Retirement Life

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What happens when a petting zoo visits an aged care home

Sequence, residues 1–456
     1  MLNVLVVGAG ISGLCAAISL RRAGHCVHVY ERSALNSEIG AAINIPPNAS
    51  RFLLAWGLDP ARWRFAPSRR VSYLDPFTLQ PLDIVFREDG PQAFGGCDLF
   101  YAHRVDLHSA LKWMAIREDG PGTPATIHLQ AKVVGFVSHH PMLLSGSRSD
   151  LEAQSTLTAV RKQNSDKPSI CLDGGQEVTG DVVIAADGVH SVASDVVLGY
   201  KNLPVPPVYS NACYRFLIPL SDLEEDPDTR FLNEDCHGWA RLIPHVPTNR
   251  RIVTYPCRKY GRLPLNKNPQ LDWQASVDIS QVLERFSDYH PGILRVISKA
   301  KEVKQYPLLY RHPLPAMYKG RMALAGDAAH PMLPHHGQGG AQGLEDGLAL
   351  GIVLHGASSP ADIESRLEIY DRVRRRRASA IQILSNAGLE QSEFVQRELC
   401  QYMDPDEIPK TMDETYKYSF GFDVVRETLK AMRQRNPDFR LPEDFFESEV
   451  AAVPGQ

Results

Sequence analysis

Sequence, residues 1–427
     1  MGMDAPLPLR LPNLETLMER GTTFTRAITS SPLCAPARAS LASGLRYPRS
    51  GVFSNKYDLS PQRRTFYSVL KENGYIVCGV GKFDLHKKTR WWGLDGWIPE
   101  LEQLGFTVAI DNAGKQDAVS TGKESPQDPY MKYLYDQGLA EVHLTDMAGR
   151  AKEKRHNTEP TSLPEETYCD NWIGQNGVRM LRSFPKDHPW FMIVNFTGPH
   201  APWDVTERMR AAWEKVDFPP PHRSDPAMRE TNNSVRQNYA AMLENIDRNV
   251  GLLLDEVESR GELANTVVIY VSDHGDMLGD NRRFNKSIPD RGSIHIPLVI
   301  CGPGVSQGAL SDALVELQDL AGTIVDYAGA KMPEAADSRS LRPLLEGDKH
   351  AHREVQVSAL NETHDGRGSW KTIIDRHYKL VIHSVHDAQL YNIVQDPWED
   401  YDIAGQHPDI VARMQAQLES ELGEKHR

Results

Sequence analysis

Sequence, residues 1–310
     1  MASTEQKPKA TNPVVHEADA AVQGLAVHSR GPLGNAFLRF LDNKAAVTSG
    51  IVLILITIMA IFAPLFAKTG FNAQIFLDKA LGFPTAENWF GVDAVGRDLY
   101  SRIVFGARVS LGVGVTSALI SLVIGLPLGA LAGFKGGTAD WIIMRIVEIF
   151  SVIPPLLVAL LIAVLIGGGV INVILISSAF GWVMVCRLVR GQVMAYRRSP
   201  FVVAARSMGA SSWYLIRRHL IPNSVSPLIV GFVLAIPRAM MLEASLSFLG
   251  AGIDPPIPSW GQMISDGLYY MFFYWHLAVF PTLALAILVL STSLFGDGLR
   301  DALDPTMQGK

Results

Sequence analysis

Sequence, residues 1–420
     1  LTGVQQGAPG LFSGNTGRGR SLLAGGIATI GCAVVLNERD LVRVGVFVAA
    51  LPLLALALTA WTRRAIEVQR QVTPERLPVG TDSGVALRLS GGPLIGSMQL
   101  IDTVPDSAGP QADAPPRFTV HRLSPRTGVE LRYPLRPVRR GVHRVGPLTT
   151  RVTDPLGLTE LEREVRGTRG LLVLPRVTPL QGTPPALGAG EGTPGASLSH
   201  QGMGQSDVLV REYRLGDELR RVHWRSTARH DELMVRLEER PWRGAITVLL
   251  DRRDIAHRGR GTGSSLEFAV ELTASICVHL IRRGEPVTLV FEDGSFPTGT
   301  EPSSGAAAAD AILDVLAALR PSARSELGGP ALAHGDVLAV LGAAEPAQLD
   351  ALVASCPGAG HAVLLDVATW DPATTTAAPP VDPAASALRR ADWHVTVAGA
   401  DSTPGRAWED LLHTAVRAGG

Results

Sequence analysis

<p dir="ltr">In June 2022, residents, families and team members at Arcare North Lakes had an a-moo-sing time with the beloved animals from mobile petting zoo, Amazing Animals. </p> <p dir="ltr">Residents had the opportunity to feed and pat the farm animals which included ducks, chickens, rabbits, guinea pigs, goats, sheep and baby animals such as piglets, a one-month-old calf and a three-week-old goat.</p> <p dir="ltr">While holding onto the baby goat, resident Joyce Crawford said, “I love you! I would take you home in a flash; I just need a bag big enough to steal him,”</p> <p dir="ltr">Joyce’s husband John, who is also a resident at Arcare North Lakes and is visually impaired, spent quality time with the animals as the Lifestyle team made sure to bring them close to him. He fed and cuddled them and enjoyed the sensory experience.</p> <p dir="ltr">“I had a great time with the animals and I’m glad we could spend time with them today,” John said.</p> <p dir="ltr">The residents enjoyed their visit so much that they have already booked them in for another visit.</p> <p dir="ltr">“Animal therapy is a wonderful way to support aged care residents as it promotes confidence, supports sensory and tactile stimulation and enables them to relive memories as many of the residents grew up on farms. One question was asked time and time again "can we keep them!" it was such a special moment for them to enjoy.” - Lifestyle Coordinator Maree said.</p> <p dir="ltr">“There were smiles, laughs and enthusiasm as resident’s shared stories and fond memories of their own experiences working on their farms,” lifestyle Coordinator Maree said.</p> <p><span id="docs-internal-guid-fab907f1-7fff-bd8d-2734-04ce2488949d"></span></p> <p dir="ltr">Check out the adorable gallery below.</p>